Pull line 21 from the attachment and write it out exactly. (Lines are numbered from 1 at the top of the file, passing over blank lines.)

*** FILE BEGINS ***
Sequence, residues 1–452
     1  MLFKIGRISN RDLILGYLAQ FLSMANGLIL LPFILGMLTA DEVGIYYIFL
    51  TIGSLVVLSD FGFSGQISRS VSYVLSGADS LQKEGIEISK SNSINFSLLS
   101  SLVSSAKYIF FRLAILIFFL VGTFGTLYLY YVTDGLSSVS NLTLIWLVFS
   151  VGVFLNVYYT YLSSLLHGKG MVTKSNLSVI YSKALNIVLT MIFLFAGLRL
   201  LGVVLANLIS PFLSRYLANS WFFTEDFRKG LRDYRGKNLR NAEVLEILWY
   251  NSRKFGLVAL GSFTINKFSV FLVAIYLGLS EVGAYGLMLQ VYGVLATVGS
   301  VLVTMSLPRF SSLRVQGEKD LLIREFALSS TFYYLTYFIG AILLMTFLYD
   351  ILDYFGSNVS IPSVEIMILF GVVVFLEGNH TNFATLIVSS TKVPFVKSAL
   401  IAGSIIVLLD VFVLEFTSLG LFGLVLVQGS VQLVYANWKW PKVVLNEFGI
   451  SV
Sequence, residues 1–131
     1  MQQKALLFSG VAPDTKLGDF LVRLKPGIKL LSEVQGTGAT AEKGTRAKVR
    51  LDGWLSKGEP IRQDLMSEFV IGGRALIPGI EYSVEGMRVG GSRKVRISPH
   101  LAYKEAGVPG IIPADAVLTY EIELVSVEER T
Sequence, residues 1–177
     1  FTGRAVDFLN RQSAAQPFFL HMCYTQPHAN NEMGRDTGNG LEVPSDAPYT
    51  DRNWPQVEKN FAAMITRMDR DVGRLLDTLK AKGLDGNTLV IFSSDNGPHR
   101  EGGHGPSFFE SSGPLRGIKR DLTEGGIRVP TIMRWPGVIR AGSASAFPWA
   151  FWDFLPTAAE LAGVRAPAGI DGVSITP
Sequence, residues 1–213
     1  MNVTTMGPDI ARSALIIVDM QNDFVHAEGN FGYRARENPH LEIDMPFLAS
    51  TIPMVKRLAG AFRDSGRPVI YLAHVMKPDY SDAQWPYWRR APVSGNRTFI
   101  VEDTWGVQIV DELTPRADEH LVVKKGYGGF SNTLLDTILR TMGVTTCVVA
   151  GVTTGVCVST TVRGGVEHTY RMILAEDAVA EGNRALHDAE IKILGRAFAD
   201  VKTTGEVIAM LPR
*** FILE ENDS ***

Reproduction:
Sequence, residues 1–213